Abiodun Adeleke, respondent, v. County of Suffolk, appellant.

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Supreme Court, Appellate Division, Second Department, New York.

Abiodun Adeleke, respondent, v. County of Suffolk, appellant.

2015–09047 (Index No. 26592/11)

Decided: December 20, 2017

LEONARD B. AUSTIN, J.P. SANDRA L. SGROI SYLVIA O. HINDS–RADIX ANGELA G. IANNACCI, JJ. Dennis M. Brown, County Attorney, Hauppauge, N.Y. (Diana T. Bishop of counsel), for appellant. Horowitz, Tannenbaum & Silver, P.C., Lake Success, N.Y. (Vickie R. Silver and Steven B. Tannenbaum of counsel), for respondent.

Argued—October 16, 2017


In an action to recover damages for personal injuries, the defendant appeals from an order of the Supreme Court, Suffolk County (Pitts J.), dated June 30, 2015, which denied its motion for summary judgment dismissing the complaint.

ORDERED that the order is affirmed, with costs.

The plaintiff, while an inmate at a medium security correctional facility in the County of Suffolk, became embroiled in an altercation with an inmate who had been assigned to distribute lunch to the other inmates.  A number of other inmates joined in the fray.  There was one corrections officer assigned to the dormitory where the altercation occurred, who telephoned for help from other officers, and thereafter the inmates dispersed.

The plaintiff commenced this action against the County to recover damages for the injuries he allegedly sustained as a result of the altercation, as well as for injuries allegedly caused by a failure to afford him timely, adequate medical attention.  The County moved for summary judgment dismissing the complaint.  The Supreme Court denied the motion.  The County appeals.

“Having assumed physical custody of inmates, who cannot protect and defend themselves in the same way as those at liberty can, the [municipality owes] a duty of care to safeguard inmates, even from attacks by fellow inmates” (Sanchez v. State of New York, 99 N.Y.2d 247, 252).  “Like other duties in tort, the scope of the ․ duty to protect inmates is limited to risks of harm that are reasonably foreseeable” (id. at 253).  On its motion for summary judgment, the County had the burden of establishing that the assault of the plaintiff was not foreseeable (see id. at 254;  Brown v. City of New York, 95 AD3d 1051, 1052).  The County did not meet that burden, as it failed to eliminate triable issues of fact as to whether it knew or should have known of the dangerous propensity of certain inmates involved in the assault, or of prior similar incidents occurring while meals were being distributed by inmates.  Evidence submitted by the County indicated that such altercations involving inmates distributing meals occurred monthly.  Moreover, the County also failed to eliminate triable issues of fact as to the adequacy of the measures taken to prevent reasonably foreseeable harm (see Serpa v. County of Nassau, 280 A.D.2d 596).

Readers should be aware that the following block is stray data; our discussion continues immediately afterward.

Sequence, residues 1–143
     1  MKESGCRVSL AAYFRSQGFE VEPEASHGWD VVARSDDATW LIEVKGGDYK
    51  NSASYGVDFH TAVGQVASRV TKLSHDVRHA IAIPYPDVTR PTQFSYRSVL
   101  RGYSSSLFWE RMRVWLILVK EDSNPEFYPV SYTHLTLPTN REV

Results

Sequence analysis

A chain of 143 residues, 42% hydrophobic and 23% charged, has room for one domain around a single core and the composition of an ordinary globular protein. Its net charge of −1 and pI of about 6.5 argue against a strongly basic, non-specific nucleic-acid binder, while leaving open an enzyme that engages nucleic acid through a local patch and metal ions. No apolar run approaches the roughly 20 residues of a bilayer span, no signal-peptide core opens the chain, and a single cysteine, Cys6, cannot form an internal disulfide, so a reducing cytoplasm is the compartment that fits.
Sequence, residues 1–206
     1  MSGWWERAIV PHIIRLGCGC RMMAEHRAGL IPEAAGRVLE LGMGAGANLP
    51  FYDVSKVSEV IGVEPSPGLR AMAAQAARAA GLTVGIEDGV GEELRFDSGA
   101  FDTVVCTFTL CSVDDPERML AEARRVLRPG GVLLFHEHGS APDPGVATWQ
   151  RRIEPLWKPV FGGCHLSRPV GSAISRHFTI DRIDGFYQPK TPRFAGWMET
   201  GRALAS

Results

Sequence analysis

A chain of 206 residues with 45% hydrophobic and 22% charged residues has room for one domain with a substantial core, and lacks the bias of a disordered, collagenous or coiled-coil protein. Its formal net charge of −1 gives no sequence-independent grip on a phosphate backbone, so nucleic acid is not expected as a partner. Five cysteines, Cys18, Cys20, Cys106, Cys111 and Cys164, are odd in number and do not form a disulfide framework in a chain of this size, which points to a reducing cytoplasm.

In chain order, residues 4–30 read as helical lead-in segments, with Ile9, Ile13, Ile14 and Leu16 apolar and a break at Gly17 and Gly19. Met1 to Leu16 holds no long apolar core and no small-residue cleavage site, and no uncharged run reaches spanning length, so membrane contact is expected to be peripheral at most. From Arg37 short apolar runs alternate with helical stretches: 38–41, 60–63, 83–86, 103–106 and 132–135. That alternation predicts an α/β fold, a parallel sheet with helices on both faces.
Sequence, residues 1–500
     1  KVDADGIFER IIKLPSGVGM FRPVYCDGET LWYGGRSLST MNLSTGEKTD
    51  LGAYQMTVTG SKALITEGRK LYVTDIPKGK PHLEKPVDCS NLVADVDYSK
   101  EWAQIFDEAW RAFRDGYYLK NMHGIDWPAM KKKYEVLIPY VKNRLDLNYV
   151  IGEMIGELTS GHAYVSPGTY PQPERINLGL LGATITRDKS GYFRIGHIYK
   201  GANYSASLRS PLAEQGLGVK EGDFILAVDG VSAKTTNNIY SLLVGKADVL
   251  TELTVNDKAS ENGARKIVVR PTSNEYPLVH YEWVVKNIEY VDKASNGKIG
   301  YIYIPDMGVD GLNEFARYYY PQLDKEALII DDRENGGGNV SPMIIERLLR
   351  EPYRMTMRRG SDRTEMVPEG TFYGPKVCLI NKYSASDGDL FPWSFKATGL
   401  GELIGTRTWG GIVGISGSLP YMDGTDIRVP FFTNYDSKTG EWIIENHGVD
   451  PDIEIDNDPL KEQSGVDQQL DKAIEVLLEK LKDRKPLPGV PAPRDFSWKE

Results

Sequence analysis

With respect to the second cause of action, which alleged a failure to provide the plaintiff with timely, adequate medical attention, a municipality owes a duty to its incarcerated citizens to provide them with adequate medical care (see Mullally v. State of New York, 289 A.D.2d 308;  Stanback v. State, 163 A.D.2d 298).  The County did not submit the affidavit of an expert attesting to the adequacy of the medical care provided to the plaintiff.  Its attorney's conclusory assertion that the plaintiff received timely, adequate medical care, together with its submission of the plaintiff's medical records, failed to establish the County's prima facie entitlement to judgment as a matter law dismissing the second cause of action (see Zuckerman v. City of New York, 49 N.Y.2d 557, 563).

Since the County failed to satisfy its burden of establishing its entitlement to judgment as a matter of law, its motion for summary judgment was properly denied without regard of the sufficiency of the opposing papers (see Winegrad v. New York Univ. Med. Ctr., 64 N.Y.2d 851, 853).



Aprilanne Agostino

Clerk of the Court

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